One of the foundations of effective rigorous acquisition as well as strong support for struggling students is that teachers activate prior knowledge. Activating prior knowledge not only helps students make connections between what they know already and what they are about to learn, it helps students become mentally engaged in upcoming learning.
We’ve been hearing about the power of activating prior knowledge for a long time, but at Mindsteps, we’ve seen many activating strategies used ineffectively over the last few years. If you want to use activating strategies more effectively, there are three things to keep in mind:
- Activate Relevant Prior Knowledge: What students know already is a great tool for helping them learn something new. Their pre-existing knowledge acts as a foundation on which they can build new knowledge and helps them connect what they are learning to what they know already. These kinds of connections are what makes new learning make sense. Think about what students have learned already and how it might help them learn the key concepts of an upcoming lesson. Be very strategic here and only choose the prior knowledge that is directly related to what you want students to learn. Then choose an activating strategy that not only surfaces that prior knowledge, but also sets students up to be successful with the upcoming lesson format. For instance, if you want students to read a passage, you will need an activating strategy that helps reacquaint them with the foundation concepts and key vocabulary in the reading passage as well as prepares them to read more successfully. Advanced organizers may work better in that situation. However, if you are preparing the class for a discussion or interactive lecture, brainstorming or KWL’s might work better. Or, if you are building on previous concepts as part of a sequential lesson, then using a word splash might make more sense. Check out this month’s TIP sheet (available to newsletter subscribers only) for how to use these activators with your students.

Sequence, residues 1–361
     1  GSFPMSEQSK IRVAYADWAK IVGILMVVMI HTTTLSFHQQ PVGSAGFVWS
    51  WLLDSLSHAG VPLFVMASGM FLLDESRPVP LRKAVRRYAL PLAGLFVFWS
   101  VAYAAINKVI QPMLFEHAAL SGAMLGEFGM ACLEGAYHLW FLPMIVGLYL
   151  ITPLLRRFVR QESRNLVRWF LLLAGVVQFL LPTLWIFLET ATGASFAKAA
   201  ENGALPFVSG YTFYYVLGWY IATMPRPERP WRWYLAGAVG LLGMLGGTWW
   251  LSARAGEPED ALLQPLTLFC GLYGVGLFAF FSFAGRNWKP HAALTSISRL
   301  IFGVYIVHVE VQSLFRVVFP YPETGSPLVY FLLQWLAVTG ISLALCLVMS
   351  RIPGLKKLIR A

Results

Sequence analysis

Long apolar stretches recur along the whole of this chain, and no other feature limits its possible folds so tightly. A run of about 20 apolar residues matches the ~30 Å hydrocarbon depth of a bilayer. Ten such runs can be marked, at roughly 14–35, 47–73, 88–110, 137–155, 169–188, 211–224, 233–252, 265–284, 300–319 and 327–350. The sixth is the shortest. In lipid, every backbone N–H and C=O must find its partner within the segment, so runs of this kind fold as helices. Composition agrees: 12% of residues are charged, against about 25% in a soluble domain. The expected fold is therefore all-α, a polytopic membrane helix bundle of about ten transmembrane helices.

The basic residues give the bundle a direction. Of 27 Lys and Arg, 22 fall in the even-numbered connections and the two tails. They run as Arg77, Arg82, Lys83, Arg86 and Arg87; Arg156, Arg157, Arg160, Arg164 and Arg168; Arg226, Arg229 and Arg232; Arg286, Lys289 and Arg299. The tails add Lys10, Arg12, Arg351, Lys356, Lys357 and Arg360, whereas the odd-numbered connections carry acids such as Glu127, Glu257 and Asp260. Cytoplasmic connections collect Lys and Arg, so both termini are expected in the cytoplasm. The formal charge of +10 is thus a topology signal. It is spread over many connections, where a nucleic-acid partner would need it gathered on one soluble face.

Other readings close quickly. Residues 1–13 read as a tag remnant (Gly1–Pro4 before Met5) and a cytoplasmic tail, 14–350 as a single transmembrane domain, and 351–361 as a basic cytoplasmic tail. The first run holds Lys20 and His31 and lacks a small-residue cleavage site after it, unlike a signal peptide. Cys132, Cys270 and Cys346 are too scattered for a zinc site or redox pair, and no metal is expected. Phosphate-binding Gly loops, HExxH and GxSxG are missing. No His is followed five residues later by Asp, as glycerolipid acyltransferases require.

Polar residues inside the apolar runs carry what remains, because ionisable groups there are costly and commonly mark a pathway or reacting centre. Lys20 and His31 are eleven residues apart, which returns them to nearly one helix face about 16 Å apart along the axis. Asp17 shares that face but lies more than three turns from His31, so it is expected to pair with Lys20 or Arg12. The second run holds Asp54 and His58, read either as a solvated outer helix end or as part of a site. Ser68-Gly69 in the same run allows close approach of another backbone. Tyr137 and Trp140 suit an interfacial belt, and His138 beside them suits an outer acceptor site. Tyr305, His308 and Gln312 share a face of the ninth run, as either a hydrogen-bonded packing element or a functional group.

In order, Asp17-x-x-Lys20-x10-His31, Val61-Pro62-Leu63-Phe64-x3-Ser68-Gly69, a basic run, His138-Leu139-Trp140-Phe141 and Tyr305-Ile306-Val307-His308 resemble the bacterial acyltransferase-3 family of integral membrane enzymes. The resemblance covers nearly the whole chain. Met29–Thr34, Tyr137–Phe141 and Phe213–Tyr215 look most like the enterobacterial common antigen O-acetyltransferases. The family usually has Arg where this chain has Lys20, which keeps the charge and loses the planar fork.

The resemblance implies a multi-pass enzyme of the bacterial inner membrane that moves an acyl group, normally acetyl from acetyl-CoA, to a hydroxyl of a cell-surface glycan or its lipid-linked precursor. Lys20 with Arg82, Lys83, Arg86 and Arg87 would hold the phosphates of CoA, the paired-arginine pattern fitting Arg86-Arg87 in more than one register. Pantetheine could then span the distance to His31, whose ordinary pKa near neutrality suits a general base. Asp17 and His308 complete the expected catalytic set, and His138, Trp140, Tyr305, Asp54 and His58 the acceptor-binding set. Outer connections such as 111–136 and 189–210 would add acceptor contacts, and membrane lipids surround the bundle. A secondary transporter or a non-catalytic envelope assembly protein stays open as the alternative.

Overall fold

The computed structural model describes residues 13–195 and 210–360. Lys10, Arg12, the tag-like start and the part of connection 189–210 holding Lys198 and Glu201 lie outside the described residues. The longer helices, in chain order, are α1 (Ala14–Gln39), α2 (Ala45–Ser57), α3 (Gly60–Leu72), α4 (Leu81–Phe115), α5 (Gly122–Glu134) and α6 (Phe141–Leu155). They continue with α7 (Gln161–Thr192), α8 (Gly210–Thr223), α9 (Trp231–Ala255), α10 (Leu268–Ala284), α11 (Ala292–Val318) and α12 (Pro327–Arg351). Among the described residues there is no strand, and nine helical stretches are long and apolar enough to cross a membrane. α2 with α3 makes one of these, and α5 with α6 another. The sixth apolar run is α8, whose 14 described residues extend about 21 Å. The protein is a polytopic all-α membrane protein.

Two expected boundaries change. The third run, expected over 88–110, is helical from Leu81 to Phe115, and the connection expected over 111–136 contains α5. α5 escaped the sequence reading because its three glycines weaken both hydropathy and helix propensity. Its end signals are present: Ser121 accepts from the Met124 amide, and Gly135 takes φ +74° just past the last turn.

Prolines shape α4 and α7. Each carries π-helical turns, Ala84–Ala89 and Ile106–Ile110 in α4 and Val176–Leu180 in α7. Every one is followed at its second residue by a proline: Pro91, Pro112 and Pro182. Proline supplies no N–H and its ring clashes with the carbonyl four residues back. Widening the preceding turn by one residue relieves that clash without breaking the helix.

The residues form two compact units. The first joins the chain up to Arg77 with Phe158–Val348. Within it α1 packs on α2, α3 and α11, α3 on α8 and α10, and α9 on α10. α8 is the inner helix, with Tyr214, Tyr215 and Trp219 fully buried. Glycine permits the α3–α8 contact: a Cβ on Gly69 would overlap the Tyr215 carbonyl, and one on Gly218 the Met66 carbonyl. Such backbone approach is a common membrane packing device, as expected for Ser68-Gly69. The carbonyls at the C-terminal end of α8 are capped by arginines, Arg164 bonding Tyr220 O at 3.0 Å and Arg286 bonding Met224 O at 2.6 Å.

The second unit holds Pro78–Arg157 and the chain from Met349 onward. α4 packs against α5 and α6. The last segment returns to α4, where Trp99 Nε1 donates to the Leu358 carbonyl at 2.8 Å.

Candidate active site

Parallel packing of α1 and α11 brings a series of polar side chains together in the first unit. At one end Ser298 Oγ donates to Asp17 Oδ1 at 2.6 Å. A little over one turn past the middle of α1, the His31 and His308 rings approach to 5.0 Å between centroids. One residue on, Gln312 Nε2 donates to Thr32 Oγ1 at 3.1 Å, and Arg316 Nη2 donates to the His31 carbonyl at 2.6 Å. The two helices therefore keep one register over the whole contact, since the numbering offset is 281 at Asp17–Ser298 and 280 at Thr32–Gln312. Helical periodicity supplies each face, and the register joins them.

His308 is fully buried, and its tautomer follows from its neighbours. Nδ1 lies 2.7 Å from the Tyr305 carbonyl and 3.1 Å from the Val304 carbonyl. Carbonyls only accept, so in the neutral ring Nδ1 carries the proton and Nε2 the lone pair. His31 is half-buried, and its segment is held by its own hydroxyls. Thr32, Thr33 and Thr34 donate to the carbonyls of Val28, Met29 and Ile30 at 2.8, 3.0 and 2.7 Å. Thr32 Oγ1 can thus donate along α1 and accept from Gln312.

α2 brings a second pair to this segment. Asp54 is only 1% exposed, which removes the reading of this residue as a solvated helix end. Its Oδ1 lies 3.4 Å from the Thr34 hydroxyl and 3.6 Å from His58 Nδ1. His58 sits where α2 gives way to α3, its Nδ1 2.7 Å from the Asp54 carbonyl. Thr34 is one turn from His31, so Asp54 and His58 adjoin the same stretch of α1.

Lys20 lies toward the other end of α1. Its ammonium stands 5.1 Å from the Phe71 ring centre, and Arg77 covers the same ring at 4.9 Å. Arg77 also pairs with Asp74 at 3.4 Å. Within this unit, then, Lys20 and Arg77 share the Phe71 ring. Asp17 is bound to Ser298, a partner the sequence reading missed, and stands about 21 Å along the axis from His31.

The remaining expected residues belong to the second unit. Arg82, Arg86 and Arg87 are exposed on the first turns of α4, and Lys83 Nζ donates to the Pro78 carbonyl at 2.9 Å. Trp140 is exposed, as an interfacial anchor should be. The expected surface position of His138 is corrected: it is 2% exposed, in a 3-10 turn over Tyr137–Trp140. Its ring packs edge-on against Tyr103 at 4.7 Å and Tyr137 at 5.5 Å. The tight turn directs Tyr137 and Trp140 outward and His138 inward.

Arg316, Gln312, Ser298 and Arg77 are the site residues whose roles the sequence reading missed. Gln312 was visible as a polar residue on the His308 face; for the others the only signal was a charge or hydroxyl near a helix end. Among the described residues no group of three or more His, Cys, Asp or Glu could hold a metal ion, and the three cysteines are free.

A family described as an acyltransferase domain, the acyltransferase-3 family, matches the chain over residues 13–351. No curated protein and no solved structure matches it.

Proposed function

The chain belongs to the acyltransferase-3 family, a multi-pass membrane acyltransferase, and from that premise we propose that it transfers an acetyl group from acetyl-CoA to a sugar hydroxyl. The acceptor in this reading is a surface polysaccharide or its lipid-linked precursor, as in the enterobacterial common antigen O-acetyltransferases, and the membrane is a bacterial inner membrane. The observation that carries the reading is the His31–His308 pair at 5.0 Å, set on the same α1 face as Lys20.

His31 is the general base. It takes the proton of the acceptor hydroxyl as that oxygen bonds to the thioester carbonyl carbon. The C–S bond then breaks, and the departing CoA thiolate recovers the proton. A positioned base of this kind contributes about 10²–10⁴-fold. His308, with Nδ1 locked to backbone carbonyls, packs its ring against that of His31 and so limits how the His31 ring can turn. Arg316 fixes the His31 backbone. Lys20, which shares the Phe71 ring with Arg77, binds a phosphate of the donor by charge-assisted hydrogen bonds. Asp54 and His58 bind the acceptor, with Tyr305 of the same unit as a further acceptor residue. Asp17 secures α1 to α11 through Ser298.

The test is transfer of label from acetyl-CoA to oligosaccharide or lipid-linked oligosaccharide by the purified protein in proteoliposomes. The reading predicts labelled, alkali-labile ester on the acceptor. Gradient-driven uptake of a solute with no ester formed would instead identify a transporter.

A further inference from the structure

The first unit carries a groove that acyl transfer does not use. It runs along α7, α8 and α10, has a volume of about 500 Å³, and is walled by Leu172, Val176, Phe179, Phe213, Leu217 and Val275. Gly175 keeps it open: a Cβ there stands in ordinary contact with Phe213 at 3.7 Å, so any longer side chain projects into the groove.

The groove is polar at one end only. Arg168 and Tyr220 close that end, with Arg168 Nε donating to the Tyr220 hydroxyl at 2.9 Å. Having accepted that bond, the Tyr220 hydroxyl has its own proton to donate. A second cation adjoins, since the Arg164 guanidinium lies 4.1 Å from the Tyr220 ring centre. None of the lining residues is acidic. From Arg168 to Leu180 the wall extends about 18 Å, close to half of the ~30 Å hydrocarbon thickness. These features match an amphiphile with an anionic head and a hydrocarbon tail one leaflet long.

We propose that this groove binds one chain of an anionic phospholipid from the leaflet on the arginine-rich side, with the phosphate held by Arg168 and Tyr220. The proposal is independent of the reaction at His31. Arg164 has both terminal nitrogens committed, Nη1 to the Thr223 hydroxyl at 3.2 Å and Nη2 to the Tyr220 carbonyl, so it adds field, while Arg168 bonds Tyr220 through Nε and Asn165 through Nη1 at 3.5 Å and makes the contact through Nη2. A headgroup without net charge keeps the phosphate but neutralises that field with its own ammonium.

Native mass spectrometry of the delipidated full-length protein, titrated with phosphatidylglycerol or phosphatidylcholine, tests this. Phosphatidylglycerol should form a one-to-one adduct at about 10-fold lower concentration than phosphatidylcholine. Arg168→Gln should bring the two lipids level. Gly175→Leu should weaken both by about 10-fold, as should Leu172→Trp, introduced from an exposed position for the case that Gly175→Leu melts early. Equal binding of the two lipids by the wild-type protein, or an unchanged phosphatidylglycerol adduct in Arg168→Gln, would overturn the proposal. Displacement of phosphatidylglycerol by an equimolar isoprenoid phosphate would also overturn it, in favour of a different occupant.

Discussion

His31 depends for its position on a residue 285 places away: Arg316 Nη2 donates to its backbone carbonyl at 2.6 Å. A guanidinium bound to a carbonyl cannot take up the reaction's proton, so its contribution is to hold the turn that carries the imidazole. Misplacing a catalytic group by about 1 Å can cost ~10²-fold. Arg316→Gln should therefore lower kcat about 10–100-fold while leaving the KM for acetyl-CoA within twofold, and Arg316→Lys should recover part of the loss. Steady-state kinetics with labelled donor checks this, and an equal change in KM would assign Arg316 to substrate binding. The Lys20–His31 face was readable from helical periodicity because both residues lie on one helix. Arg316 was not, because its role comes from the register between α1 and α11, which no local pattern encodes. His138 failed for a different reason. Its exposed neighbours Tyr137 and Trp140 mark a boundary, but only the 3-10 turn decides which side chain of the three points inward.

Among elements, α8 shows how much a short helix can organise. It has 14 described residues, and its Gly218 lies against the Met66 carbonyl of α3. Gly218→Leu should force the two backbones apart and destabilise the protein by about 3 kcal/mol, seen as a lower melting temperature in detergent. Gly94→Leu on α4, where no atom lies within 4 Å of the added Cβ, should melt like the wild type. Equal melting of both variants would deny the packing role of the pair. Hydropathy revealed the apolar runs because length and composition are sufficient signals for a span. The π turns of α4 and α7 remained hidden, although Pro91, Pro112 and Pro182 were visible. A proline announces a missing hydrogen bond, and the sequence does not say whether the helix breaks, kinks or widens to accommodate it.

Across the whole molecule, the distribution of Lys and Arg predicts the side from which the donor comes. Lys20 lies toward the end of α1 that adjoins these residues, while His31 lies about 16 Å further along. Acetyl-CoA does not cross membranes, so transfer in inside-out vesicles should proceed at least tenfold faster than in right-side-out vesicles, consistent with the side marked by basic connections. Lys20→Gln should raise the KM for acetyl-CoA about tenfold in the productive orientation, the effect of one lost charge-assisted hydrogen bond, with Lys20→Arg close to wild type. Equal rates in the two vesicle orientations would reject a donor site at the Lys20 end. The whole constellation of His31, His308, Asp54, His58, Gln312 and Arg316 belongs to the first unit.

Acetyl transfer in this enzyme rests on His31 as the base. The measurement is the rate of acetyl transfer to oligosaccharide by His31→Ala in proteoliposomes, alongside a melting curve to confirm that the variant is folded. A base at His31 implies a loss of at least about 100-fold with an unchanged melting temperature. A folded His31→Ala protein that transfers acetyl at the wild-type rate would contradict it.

- Minimize Irrelevant Prior Knowledge: Not all activating strategies are created equally. Sometimes in an attempt to entice students to learn, we can actually activate the wrong kind of prior knowledge. Instead of preparing students for learning, we actually distract students with prior knowledge that is unrelated or that makes new learning even more confusing. Be careful about using drama and emotion or interesting tidbits to stimulate interest, especially when students have limited background knowledge to begin with. While these additions may be related to the topic, they are not directly relevant to what you want students to learn and therefore can serve to distract students from what’s really important. It’s okay to include stories and interesting details as long as they are directly related to your learning objectives.
- Compensate for Missing Prior Knowledge: Sometimes students don’t have the prior knowledge they need to really understand and master the concepts in an upcoming lesson. Thus, instead of activating prior knowledge, you will need to create it. You can design activities for students 2-3 days before the lesson that help students develop the relevant background knowledge they will need for an upcoming lesson. Such activities can include giving students a reading (on their reading level) that explains background knowledge, teaching a mini-lesson on the topic, showing students a clip from a movie or documentary and following up with a class discussion, or give students a diagram, illustration, or multimedia presentation. These and other methods provide students with an important knowledge base on which they can build in the main lesson. The point is to create activities that build relevant background knowledge prior to exposure to the new lesson content. Then, just before the lesson, you can use activating strategies to remind students of what they just learned and how it will relate to what they are about to learn.
Here are a four questions to ask as you plan your activators:
- Does my lesson lend itself to an activator? Not every lesson needs an activator. Activators work best with lessons that involve concepts. Activating strategies may not be as useful in lessons that involve procedural skills.
- Do your students have the prior knowledge they need? If your students already have considerable prior knowledge, they may not need additional support. If they have little or no related prior knowledge, then you will need to build prior knowledge first.
- Are there any distracting details in your lesson that might activate irrelevant prior knowledge? Eliminate any details that may distract students from the main point of the lesson.
- What is the most appropriate activator given the type of background knowledge students need and how you want them to use it in an upcoming lesson? Choose activating strategies that directly set students up to be successful in your upcoming lesson.
Click here to learn more about activating prior knowledge.